Otto Braun

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This article is about the Prime Minister of Prussia. For the German Communist and once the Comintern military adviser to the Chinese Communist revolution see Otto Braun (Li De).
Otto Braun
Bundesarchiv Bild 102-10131, Otto Braun.jpg
Minister President of the Free State of Prussia
In office
6 April 1925 – 20 July 1932
Preceded by Wilhelm Marx
Succeeded by Franz von Papen
In office
5 November 1921 – 18 February 1925
Preceded by Adam Stegerwald
Succeeded by Wilhelm Marx
In office
27 March 1920 – 21 April 1921
Preceded by Paul Hirsch
Succeeded by Adam Stegerwald
Personal details
Born 28 January 1872 (1872-01-28)
Königsberg, East Prussia
Died 14 December 1955(1955-12-14) (aged 83)
Locarno, Switzerland
Political party SPD

Otto Braun (28 January 1872 – 14 December 1955) was a German Social Democratic politician who served as Prime Minister of Prussia for most of the time from 1920 to 1932. He was not a social revolutionary, says Holborn, but was "a determined democratic reformer" and a shrewd coalition builder.[1]

Life and career[edit]

Originally from Königsberg, East Prussia, Braun became a leader of the Social Democratic Party in that province, and in 1913 was elected to the Prussian House of Representatives. In 1919, he was elected to the Weimar National Assembly. In 1920, he became Prime Minister of Prussia, a position in which he served from 1920 and 1932, except for brief periods in 1921 and 1925. He was the Social Democratic presidential candidate in the first round of presidential elections in 1925, coming in second. He then withdrew his candidacy during the run-off in order to help the Centre Party's Wilhelm Marx defeat Paul von Hindenburg, who had not stood in the first round. Marx was eventually defeated by Hindenburg.

Prussian Prime Minister Otto Braun (left) in 1925

Braun's coalition government, one of the strongest bastions of the Weimar Republic, lost its majority in the April 1932 Prussian elections. However, while the Communists and National Socialists between them had a majority, they would not agree to form a new government or work with the other parties. The Prussian constitution stated that a government could only be removed if there was a positive majority for a prospective successor, so Braun's coalition remained in office as a caretaker government.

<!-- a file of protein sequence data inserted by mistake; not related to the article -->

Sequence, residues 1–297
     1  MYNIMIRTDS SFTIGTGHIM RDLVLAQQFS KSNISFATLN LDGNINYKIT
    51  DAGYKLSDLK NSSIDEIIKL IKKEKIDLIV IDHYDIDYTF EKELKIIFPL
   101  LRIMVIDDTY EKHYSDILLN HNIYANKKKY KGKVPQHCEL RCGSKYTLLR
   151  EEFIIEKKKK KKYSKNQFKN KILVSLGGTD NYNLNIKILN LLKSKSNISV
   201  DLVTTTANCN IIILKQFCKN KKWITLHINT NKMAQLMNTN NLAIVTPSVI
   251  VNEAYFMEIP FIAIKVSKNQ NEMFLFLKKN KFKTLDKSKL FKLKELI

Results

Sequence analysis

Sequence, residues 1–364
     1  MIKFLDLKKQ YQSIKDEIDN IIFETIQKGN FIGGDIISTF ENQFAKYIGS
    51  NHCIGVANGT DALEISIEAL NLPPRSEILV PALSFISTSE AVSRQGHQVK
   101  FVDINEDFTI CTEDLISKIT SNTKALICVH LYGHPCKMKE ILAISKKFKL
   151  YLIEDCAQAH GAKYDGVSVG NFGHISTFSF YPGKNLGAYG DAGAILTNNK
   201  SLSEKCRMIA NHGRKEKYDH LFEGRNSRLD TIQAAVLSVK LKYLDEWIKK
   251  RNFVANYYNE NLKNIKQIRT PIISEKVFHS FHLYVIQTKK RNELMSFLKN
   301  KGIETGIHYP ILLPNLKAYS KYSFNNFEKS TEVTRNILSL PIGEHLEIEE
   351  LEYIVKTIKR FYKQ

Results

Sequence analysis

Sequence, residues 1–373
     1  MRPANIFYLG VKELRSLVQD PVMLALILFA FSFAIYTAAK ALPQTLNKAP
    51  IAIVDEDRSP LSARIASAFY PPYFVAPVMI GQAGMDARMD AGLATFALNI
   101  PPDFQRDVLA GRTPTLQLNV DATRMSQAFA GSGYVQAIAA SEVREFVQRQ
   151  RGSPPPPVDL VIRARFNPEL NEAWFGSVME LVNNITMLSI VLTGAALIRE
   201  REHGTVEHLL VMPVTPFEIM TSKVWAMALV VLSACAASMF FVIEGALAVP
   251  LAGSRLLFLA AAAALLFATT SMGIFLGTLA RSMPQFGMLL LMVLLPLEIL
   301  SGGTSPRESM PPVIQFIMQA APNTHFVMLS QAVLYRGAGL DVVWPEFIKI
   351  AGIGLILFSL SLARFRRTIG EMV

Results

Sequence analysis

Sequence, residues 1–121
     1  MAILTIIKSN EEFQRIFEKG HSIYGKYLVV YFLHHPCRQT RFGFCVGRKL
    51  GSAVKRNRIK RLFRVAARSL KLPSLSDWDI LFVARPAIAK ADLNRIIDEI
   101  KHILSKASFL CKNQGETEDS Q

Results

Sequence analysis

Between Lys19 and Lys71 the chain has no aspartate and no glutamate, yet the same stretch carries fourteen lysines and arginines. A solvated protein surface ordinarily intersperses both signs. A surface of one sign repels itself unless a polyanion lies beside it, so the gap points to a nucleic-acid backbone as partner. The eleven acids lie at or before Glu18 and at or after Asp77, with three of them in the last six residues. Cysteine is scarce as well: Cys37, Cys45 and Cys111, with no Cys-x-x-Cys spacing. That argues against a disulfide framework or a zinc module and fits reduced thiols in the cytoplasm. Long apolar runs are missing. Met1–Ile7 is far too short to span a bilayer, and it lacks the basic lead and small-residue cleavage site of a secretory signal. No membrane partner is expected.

Braun's government was deposed in the Preußenschlag of July 1932, when Reich Chancellor Franz von Papen assumed direct control of Prussia's administration as Reich Commissioner. Braun, however, remained de jure Prime Minister and continued to represent the state of Prussia in the Reichsrat until January 1933, when Papen became Prime Minister for two months. Hermann Göring then held the office for the next twelve years until 1945. As an opponent of the Nazi regime, Braun decided to leave Germany and emigrated to Switzerland after Adolf Hitler attained the office of Chancellor in January 1933.

At the end of the Second World War, Braun approached the Allies to reinstate the previous democratic Prussian government, but they were not receptive to his proposition due to their earlier decision to abolish the state of Prussia and divide East Prussia between Poland and the Soviet Union. Braun died in exile in Locarno in 1955.

Notes[edit]

  1. ^ Hajo Holborn, A History of Modern Germany, 1840-1945 (1969) p 591
Preceded by
Paul Hirsch
Prime Minister of Prussia
1920–1921
Succeeded by
Adam Stegerwald
Preceded by
Adam Stegerwald
Prime Minister of Prussia
1921–1925
Succeeded by
Wilhelm Marx
Preceded by
Wilhelm Marx
Prime Minister of Prussia
1925–1932
Succeeded by
Franz von Papen